There’s something very strange about most folks’ typical pursuit of financial independence and early retirement. A paradox of wealth vs income. We pursue an ever increasing amount of income to reach FIRE as soon as is possible (or, more ideally, as soon as possible—sustainably). And once we reach that pinnacle of success, the income isn’t very important anymore. But what do we lose (and gain) by shifting from focusing on income vs wealth?
High Income vs. Supportive Wealth
I’m writing to you from a room filled (mostly socially distanced) with folks that earn quite a bit of money. A golden beer in a tall flute sits in front of me. I just finished off a heaping plate of highly described and very organic food that was graciously served to me.
Across from me is an “Exhale” spa where you can get a brief massage which sits across from a bank of private showers and daybeds with designer-clad travelers sprawled across them.
And it’s all complimentary for the well-heeled.
Jenni and I are delayed in Dallas, waiting on our next flight to Flagstaff. We’ve made this American Express Centurion Lounge at DFW airport our home for the next handful of hours.
An old Reddit post pointed out some research (no longer accessible) that suggested the average American Express Platinum cardholder earned $741K/year. Averages aren’t terribly useful for this sort of a thing (you know, Bill Gates enters a bar and on average—everyone there is a multi-millionaire).
But, you get the point. It’s a bunch of wealthy people trying to avoid the “rabble” in the rest of the airport, quite literally sitting above them and looking out.
And we’re here with them.
But how does that make sense? I’m resting here in a shirt, as much as I love it, with literal holes in the shoulder and cuff.
I can’t even afford our mortgage! Wait, what?
Can I afford to refinance our mortgage?
Well, at least, that’s what the bank seems to think—that the mortgage payment at our place is more than I can afford.
After weeks of back and forth and initial approval, the underwriting team requested (for the second time) a slew of documents from my business. Namely, an 1120-S. That’s the IRS filing that details revenue and expenses for an S Corporation in the US.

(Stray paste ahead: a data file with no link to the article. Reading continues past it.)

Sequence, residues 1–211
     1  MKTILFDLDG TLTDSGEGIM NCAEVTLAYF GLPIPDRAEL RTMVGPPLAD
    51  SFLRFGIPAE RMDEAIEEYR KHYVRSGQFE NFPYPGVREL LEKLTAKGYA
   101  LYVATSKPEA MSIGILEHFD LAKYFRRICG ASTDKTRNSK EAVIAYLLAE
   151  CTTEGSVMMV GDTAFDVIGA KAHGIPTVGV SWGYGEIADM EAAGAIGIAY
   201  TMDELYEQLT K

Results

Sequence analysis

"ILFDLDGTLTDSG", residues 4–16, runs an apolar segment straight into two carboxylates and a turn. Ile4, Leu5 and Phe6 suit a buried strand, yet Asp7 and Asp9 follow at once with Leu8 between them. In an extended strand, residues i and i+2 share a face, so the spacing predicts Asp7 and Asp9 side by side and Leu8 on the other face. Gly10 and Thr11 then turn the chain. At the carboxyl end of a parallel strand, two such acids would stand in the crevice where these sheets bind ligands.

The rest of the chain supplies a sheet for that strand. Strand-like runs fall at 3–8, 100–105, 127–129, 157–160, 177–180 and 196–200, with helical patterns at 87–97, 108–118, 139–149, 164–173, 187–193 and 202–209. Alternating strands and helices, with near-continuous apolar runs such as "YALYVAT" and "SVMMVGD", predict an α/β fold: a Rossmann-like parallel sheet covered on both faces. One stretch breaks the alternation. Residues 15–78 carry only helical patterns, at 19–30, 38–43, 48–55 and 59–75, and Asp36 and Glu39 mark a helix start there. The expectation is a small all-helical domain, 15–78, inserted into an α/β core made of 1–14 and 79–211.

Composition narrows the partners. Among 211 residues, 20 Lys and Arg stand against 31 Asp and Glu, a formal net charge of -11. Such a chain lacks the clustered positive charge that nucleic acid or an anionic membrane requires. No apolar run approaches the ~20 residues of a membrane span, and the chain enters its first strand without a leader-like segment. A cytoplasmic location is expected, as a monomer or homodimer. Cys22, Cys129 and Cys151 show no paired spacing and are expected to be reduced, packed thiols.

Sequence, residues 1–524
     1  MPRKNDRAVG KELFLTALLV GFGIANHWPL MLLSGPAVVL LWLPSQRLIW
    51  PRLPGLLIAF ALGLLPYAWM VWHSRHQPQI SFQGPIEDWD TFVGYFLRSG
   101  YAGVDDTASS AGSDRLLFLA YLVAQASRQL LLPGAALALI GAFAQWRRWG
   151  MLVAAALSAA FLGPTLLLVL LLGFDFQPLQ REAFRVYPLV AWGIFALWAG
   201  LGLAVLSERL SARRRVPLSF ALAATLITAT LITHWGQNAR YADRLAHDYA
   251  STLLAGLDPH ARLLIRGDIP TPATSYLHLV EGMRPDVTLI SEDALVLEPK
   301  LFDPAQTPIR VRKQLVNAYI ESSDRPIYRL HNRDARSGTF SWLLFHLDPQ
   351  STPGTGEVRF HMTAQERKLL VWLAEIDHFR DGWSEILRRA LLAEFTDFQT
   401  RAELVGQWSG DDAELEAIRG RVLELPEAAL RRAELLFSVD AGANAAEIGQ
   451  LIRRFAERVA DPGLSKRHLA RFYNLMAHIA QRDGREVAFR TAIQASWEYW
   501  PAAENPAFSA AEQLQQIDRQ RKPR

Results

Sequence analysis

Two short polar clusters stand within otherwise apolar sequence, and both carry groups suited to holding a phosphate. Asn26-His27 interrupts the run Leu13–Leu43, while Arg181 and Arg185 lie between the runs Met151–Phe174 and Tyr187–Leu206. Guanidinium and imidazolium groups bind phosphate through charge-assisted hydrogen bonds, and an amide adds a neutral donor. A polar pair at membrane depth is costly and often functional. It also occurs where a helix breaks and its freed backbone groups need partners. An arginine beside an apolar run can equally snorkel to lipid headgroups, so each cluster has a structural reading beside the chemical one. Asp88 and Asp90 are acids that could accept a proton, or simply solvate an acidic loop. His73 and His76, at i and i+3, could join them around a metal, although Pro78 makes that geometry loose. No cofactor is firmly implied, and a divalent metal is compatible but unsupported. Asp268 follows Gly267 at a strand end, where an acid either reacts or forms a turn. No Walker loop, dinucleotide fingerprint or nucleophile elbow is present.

I don’t make much money.
You might have noticed I haven’t really done much work for quite some time (see: monthly budget updates). For years, now.
And like any good entrepreneur, I’ve managed to keep profits relatively low through business spending and deductions. My business revenue last year was still over $100K but profits hardly broke $15K.
All in all, not bad considering I work somewhere around 20-30 hours/month on average.
The mortgage underwriter wasn’t terribly impressed with that level of additional income. Of course, what they really wanted to see was W2 income.
And as you might know from our monthly money reports, I pay myself somewhere around $1.7K/month net as an employee. Even adding back 401(k) contributions only gets my W2 income up to around $35K/year.
Adding business profits in, we get to around $50K/year.
That’s way more than enough money for me when you consider that our total household expenses has been around $40-50K/year for years (see: annual FIRE budget). And that’s for two of us! After tax, on the high side, I only need to personally come up with around $20-25K/year to support my lifestyle.
So, what’s the problem?
Well, two things:
- Lenders concern themselves with something called a debt-to-income or DTI ratio
- The deed and mortgage is in my name (it’s not practical to include Jenni’s income when applying for a loan)
But I don’t have any debt!
And so far as debt—aside from a few grand in credit card spending that is paid off every month—I don’t have any.
Except that house and mortgage.
And, apparently the HOA payment. That’ll be important later.
Our current mortgage payment is about $837/month. That’s our interest plus principal.
Property taxes and home insurance add another $365/month or so.
That HOA fee? $350.
That brings the total monthly home payment up to $1,550 or so.
As a side note and summary from my initial refinancing article…Refinancing to a fresh 30-year mortgage at a 2.74% rate would bring the monthly payment down from $837 to about $600.